By Jorge Barrera | APTN National News
Secwepemc ‘women warriors’ stop treaty vote, force RCMP to release detained man
The RCMP was forced to release a detained man during a demonstration against a treaty vote Thursday on a First Nation reserve in British Columbia’s interior after a police truck was surrounded by Secwepemc “women warriors” demanding the man’s release, according to a spokesperson for the group.
The group of about a dozen women, children and men disrupted a vote on the Williams Lake Indian Band reserve Thursday to ratify an agreement-in-principle of a proposed modern-day treaty.
A ballot box was smashed and ballots were burned during the demonstration, forcing a cancellation of the vote.
The NStQ First Nations are negotiating a modern-day treaty through the B.C. Treaty Process and held votes on ratifying an agreement-in-principle in all four member First Nations on Thursday. Only the Williams Lake Indian Band vote was disrupted.
The “yes” side in favour of the agreement triumphed in the other three Secwepemc First Nations of Canim Lake Indian Band, also known as Tsq’escen’, Soda Creek Indian Band, also known as Xats’ūll, and the Canoe Creek-Dog Creek Band, also known as Stswecem’c-Xgat’tem.
The four member NStQ First Nations have a total population of about 2,000 people and combined claimed traditional territory of about 5.6 million hectares.
The six-stage B.C. treaty process involves negotiations between First Nations, B.C. and Ottawa.
Kanahus Manuel, a spokesperson for the Secwepemc women warriors, said the NStQ’s proposed modern-day treaty will lead to the termination of Secwepemc title over a large swath of land in exchange for a small percentage of territory and cash.
Manuel said the whole Secwepemc nation, which includes a total of 17 First Nations, has never surrendered title to its territory, which she said is about the size of Florida.
“People across the nation are completely opposed to the treaty,” said Manuel. “What it will do is modify our collective rights we hold in our territory where we are able to walk freely…It is an extinguishment process where you extinguish your rights to the Crown and you are granted back modified treaty rights and fee simple land.”
The women stood directly behind the RCMP truck with a banner reading “No NSTQ Treaty, No Secwepemc Consent.”
The RCMP officer, clearly flustered by the demonstration, is then shown standing on a small patch of snow waiting for backup.
Photos posted to Facebook show that at least two RCMP cruisers and an SUV showed up to try and take control of the situation.
Manuel said Kobelt was let go after he signed—inside the police truck—a promise to appear in court on a charge of mischief in relation to the smashed ballot box.
“The women had surrounded the police truck and demanded that they released him and they did right on site,” said Manuel. “Our women are always sent to the front-lines. We say, ‘The strong hearts to the front,’ and it’s always the women, the women with the children. Women came out with their families because that is what we are defending, we are defending our children’s future.”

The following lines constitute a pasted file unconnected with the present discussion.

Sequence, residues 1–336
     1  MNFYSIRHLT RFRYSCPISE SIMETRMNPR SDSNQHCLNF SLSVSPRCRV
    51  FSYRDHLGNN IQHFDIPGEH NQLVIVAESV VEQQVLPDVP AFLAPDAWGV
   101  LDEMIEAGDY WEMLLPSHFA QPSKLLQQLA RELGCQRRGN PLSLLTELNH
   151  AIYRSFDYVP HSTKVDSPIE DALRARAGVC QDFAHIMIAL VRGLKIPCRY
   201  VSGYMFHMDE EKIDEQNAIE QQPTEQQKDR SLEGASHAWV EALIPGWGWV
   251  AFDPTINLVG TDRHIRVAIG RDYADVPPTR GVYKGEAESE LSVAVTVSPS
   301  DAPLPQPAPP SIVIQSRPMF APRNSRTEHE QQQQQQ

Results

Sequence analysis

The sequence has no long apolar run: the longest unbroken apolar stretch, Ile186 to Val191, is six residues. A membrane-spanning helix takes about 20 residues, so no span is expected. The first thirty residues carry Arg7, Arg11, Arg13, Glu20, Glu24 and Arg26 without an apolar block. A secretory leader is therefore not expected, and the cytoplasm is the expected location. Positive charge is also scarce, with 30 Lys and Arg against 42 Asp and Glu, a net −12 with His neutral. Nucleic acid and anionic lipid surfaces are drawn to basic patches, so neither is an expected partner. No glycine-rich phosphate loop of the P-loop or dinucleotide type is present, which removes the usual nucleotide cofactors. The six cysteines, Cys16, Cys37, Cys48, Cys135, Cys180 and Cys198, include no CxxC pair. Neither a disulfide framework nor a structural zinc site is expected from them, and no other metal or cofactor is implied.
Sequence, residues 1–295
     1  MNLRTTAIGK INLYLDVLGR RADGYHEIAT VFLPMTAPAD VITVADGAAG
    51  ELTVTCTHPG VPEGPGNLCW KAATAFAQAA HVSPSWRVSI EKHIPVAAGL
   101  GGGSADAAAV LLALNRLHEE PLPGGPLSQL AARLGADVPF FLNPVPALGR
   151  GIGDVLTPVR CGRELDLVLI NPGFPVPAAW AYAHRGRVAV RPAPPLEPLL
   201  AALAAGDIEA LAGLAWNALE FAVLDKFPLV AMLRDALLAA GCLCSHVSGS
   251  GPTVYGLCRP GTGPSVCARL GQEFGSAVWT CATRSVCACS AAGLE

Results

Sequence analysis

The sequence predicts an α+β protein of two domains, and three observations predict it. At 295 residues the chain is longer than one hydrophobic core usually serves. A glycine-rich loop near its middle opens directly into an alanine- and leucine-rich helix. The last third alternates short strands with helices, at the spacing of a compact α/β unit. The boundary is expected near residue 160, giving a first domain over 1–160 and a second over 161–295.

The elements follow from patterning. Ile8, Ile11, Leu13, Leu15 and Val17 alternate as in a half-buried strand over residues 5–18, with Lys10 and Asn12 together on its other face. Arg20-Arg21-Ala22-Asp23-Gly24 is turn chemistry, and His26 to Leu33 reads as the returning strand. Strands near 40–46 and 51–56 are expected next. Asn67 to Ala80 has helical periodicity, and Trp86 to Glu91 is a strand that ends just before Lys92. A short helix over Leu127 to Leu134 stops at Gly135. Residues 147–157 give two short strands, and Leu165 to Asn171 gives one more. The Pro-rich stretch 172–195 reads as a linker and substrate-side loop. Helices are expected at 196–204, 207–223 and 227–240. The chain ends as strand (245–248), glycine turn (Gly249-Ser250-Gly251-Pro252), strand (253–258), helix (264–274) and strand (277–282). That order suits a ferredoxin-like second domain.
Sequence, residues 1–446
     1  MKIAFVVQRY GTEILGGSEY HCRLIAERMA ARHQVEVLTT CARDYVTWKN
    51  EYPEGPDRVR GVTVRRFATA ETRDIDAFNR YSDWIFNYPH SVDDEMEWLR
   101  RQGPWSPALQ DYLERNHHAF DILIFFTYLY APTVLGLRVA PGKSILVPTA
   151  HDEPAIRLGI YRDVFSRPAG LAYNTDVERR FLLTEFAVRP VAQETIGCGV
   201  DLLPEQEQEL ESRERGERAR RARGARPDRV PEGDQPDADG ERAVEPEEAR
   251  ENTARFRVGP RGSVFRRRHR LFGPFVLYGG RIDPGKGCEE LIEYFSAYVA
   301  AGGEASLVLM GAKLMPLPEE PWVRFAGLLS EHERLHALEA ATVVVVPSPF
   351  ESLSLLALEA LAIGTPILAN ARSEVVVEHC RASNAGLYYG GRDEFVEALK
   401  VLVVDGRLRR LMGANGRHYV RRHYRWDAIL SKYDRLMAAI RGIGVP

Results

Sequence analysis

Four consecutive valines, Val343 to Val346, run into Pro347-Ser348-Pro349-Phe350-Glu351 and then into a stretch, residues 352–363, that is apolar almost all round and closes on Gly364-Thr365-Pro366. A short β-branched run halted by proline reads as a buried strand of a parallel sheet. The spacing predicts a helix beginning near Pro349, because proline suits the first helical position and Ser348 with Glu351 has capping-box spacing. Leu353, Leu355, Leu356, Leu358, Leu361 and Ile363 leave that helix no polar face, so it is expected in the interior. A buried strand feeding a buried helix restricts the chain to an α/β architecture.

The Williams Lake RCMP did not respond to repeated requests for comment.
Stswecem’c-Xgat’tem First Nation Chief Patrick Harry, whose community voted 113 to 72 in favour of the proposed treaty agreement-in-principle, said he did not respect the demonstrators because they tried to interfere with an internal T’exelc matter.
“Those types of actions they don’t reflect on what the Secwepemc nation, what its culture is all about. We like to deal with things in a more respectful manner than that. We don’t respect the fact there were kids put on the front-lines of that and elders were disrespected and people assaulted and in some cases lives were threatened,” said Harry. “We are operating through a democratic process….Everybody was given a choice to vote, we are not forcing anything on anyone.”
Harry said he disagreed with the claim his community, as part of the NSTQ process, is negotiating to extinguish its rights.
“We don’t see it as giving up anything. We see it as gaining. Also, I think that as First Nations, there are different routes and different paths to reconciliation and they are all challenging,” he said. “The treaty process is one path to reconciliation that our community has given us a mandate to follow through with.”
Harry said he would have liked the results to have shown more support for the yes side, but now, as talks head to a final agreement, the NSTQ negotiators will be pushing for a better deal.
Currently, the treaty would give the NSTQ about 24,500 hectares of land and over $45 million.
“We look forward to the offer being increased, we look forward to some of the recent case law being implemented into our process,” said Harry. “We look to the government to recognize the Tsilhqot’in (Supreme Court) decision and implement it into our process and increase the offer.”
The yes side at Tsq’escen’ won by a 125 to 84 vote margin. In Xats’ūll the yes side won 90 votes to 48.
On the same day as the vote, Yale First Nation, which sits along the Fraser River, announced it was pulling out of the B.C. treaty process.